Evolution of an Apomixis-Specific Allele Class in Supernumerary Chromatin of Apomictic Boechera
|Year of publication
|Article in Periodical
|Magazine / Source
|Frontiers in Plant Science
|MU Faculty or unit
|apomixis; pollen; UPGRADE2; tapetum; heterochromatic chromosome; gene evolution; Boechera; supernumerary DNA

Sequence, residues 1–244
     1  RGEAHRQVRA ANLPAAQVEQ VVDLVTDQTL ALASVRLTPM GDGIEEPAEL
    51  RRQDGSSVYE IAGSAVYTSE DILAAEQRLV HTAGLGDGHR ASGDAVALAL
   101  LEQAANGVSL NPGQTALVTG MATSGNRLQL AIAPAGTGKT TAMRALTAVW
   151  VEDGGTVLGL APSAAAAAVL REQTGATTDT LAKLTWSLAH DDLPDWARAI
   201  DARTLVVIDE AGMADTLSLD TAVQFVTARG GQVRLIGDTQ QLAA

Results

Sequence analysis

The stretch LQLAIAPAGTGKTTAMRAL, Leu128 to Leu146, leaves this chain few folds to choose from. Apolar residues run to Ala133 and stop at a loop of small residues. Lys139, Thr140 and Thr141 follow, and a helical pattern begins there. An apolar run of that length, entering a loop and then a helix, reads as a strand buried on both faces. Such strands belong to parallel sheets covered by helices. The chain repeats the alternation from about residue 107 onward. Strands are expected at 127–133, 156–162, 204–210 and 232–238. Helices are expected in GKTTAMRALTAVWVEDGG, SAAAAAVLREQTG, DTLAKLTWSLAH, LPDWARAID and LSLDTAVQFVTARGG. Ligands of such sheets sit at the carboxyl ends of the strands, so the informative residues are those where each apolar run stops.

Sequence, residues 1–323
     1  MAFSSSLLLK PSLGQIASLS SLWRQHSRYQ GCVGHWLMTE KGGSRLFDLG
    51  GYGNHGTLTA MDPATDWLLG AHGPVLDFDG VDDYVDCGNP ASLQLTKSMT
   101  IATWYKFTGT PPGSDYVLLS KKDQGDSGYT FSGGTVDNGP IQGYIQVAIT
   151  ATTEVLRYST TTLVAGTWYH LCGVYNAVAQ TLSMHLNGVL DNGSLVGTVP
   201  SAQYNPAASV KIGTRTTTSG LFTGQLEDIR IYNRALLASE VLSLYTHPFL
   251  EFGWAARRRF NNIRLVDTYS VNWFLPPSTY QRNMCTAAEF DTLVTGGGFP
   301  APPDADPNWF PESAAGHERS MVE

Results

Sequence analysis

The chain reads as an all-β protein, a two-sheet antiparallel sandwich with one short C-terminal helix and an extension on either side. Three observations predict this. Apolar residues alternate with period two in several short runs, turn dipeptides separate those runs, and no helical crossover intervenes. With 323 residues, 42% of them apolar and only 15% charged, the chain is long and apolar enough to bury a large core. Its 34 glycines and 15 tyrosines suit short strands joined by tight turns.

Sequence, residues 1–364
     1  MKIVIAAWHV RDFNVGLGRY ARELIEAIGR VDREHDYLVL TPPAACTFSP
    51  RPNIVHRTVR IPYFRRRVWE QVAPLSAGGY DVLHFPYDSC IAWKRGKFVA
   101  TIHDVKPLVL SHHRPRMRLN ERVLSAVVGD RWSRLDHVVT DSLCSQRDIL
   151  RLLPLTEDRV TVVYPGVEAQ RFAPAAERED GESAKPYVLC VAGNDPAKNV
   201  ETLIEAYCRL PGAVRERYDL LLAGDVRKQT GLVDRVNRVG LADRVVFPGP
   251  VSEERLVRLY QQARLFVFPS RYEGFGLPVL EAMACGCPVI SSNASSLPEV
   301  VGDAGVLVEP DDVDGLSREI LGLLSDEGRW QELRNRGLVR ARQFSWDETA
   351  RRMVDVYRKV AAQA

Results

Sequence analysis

|Asexual reproduction through seeds in plants (i.e., apomixis) is a heritable trait, and apomixis- linked loci have been identified in multiple species. However, direct identification of genomic elements is typically hindered as apomixis-linked loci and are commonly found in recombination-suppressed and repetitive regions. Heterochromatinized elements, such as B chromosomes and other supernumerary chromosomal DNA fragments have long been known to be associated with asexuality in both plants and animals and are prime candidate regions for the evolution of multiple apomixis factors controlling the individual elements of apomixis. Here, we examined molecular evolution, gene regulation, and chromosomal location of a male apomeiosis factor (UPG2), a long noncoding RNA gene, in sexual and apomictic Boechera with and without male apomeiosis (i.e., balanced and unbalanced apomicts). We revealed the origin of the gene in the apomixis genome on an apomixis-specific, supernumerary heterochromatic Boechera chromosome (Boe1). The UPG2 is active in the tapetum at male meiosis. We found allele classes specific to apomictic and sexual Boechera accessions and a third class that shares the features of both and points to a convergent transition state. Sex alleles are found only in some of the sexual accessions and have higher nucleotide divergence and lower transcriptional activity compared to apo alleles. These data demonstrate selective pressure to maintain the function of UPG2 for unreduced pollen formation in apomicts as the occasional transmission of the allele from unbalanced apomicts into sexual organisms that lead to pseudogenization and functional decay of copies in sexual organisms.